Has anyone ever heard of this CGM?
Yes Synthia @synstokesyahoo-com, from what I’ve been told it is really good - something I might eventually get. I personally know of only one person using it and he thinks it is good - good for his outdoor lifestyle as he is now mid-way through a 2,200 mile trek of the Appalachian Mountain trail - Maine to Georgia. He figures that this is one CGM that won’t get knocked off.
The EverSense is embedded in the arm - not many doctors is embedded in the upper arm and needs to be replaced every 90 days. An 190 day sensor is in use in Europe. I have contact information for the Florida Eversense Representative who addressed out February JDRF Chapter meeting - it was shortly after that Mike, the guy hiking, got his sensor implanted.
I heard an Endo speaking about it at a TCOYD conference in May. It was my understanding that the wearer may remove the outer device and go without it for a few hours or days, if you wish, then, put it back on. This would work if you wished to swim, wear revealing clothes or for some other reason wanted to go without CGM for a while. That part is not appealing to me, though, I think some might like that feature. I do like the idea of not having to change sensor for 90 days though.
Yes, it’s still somewhat of a new device for the US, although they are gaining some popularity. One reason is that the sensors have to be implanted in the doctor’s office every 90 days, by a trained provider, and I have no idea how many there are nationwide. I know a doctor who is waiting for them to be available in our area because of his frustrations with the alarms and demands of the other CGMs on the market messing with his surgery schedule, so obviously there are benefits.
One thing I think is a good feature is that the external reader devices can be taken off for a time, as has been pointed out. However, they I believe they still require calibration via finger stick about every 12 hours. Also, financially speaking, I’m not sure how solid Senseonics is at this time. Their shares are trading as penny stocks ($1.10/share), while Dexcom is trading at ~$150/share, and Abbott Laboratories (makes for the Freestyle Libre) is a diversified company trading ~$80/share, and has announced expansion of their production capacity for the Freestyle Libre over the next 18 months.
I mention this all as a way to help you be aware and perhaps avoid frustrations related to availability.
Hello Syntia, Im from Italy and can speak in deep because my wife T1 had eversense 1.5 year. In simple words very precise but prediction not very good. The real problem is you need surgery every 6 month. Sensor is installed under skin, normally in the back of arm. What has been critical is removal of the worn out sensor with lot of difficulties during surgery. We decided to move at G6 Dexcom with calibration. Very happy at moment.
We are all different but based on my experience I would not reccomend eversense.
Any questions let me know,
How deep do they implant sensor? Is it prone to infection? Did they numb it for implantation? Can u say what about the procedure bothered her? I’ve had quite a few mefical procedures in office and tolerate pretty well, even if painful. I’m just envisioning not having to change sensors so often. I do appreciate your comments. Lots to consider.
My brother has been using it for a couple of months now. He switched to it from the Dex G6. He likes it, although the insertion (in office, incision in arm) was more intrusive than he thought it would be. He likes the vibrate under his skin, for during the night so it actually wakes him up. But he said it’s not as accurate as his G6 was. He’s going to stick with it for awhile longer to see if the kinks work out.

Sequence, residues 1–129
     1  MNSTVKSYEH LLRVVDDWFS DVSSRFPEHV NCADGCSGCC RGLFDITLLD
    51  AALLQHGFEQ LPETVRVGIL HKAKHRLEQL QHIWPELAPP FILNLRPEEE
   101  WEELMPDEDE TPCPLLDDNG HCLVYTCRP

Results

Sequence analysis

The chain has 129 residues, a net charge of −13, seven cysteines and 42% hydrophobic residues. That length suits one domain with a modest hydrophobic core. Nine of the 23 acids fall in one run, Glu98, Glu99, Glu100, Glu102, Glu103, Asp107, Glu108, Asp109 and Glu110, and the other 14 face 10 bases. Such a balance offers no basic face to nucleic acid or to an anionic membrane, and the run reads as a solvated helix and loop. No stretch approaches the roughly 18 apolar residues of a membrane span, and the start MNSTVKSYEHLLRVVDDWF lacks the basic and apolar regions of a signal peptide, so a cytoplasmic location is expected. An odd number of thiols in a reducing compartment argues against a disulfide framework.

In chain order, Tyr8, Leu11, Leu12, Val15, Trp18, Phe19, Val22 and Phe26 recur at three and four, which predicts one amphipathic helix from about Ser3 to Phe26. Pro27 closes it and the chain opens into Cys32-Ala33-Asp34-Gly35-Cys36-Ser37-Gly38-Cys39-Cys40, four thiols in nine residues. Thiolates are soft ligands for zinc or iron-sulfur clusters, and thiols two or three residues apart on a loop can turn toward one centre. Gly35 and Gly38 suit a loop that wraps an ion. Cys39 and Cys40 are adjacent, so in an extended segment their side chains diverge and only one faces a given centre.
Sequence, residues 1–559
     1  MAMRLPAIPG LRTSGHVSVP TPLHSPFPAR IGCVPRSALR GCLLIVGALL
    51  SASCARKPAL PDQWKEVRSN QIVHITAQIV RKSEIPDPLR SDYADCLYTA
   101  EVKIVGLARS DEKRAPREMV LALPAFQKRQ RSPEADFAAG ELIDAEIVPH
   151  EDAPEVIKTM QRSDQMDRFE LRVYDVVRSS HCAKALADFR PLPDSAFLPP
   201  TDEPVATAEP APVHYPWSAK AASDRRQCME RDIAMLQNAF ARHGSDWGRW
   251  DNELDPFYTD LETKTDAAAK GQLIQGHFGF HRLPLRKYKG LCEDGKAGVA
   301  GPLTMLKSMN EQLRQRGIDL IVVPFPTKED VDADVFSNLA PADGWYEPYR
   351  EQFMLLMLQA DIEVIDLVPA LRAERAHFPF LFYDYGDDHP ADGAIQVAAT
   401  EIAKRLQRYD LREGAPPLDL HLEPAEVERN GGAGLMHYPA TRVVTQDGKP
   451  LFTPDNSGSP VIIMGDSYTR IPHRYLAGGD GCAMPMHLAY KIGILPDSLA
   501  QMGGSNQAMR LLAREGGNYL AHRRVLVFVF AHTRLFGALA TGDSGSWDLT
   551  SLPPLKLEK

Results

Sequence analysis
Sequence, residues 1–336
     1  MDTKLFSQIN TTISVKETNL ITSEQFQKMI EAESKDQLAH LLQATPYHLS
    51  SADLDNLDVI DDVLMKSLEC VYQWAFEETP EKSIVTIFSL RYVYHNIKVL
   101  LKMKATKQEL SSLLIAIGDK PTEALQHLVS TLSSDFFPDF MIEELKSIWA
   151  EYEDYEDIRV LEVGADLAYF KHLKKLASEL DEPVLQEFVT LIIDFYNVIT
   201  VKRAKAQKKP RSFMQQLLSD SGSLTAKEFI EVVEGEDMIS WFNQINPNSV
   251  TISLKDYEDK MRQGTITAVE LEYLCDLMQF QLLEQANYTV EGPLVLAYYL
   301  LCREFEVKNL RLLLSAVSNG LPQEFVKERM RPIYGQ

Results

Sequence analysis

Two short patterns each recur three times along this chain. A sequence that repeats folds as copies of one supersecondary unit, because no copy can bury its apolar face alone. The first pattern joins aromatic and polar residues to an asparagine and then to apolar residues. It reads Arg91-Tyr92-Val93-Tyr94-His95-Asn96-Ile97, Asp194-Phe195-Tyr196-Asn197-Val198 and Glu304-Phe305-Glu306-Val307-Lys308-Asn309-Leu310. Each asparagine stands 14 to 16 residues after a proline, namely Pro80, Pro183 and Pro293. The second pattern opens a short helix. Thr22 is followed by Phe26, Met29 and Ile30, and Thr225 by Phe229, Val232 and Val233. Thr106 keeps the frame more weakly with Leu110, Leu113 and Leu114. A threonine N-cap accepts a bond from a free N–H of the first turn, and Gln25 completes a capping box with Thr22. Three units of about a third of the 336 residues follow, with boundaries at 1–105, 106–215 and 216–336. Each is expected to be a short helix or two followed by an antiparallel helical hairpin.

Hi Andrea @DJAdgieB, thank you for this information; I’m still investigating and learning. The one friend who has it told us that he didn’t mind the insertion - even with the more than 100 mile round trip he needed to drive to get the device.
One question, how does your brother determine that it is not as accurate as his G6? Is he comparing the Eversense to lab glucose results - either plasma glucose or arithmetic conversion to HbA1c?
From a day to day perspective, he finds that he has more false lows and highs with the Eversence than he did previously with the Dex (he had the G5 for years and then the G6 since it came out before getting Eversence). He was frustrated with Dex and sensors failing prematurely with the G6, which was a big reason for him trying Eversence. So far, he says while he was having problems with the G6, at least his numbers were more accurate. His view so far is that each has its pluses and minuses and overall, one isn’t better or worse than the other. It like I said, it’s only been a couple of months, so he’s willing to keep going to see if things get better.
My T1D kids are 7 & 11, so Eversence isn’t a route we are going to go anytime soon. But I like to keep up with the latest T1D tech.
I’m now using the Dexcom G^, and was asking my endo (who had implanted the first Eversense sensor in our state) about getting mine implanted. He discouraged it, said he couldn’t recommend it. When I had my next appointment he said that in between he had tried to remove the only 1 he had yet implanted.
Unfortunately he couldn’t seem to get a grip on it with his forceps, it just kept slipping free when he tried to pull it out. So it’s still in there. Not sure if he’ll try it again or not. Think I’ll stick with my G6.
Yes, it’s amazing! Does not offer a closed loop system yet. Created in part by the former CMO at Medtronic who helped develop their closed loop system. My own daughter doesn’t use it yet but hoping to move her to it soon. I believe you must be 18 years of age or older at this time.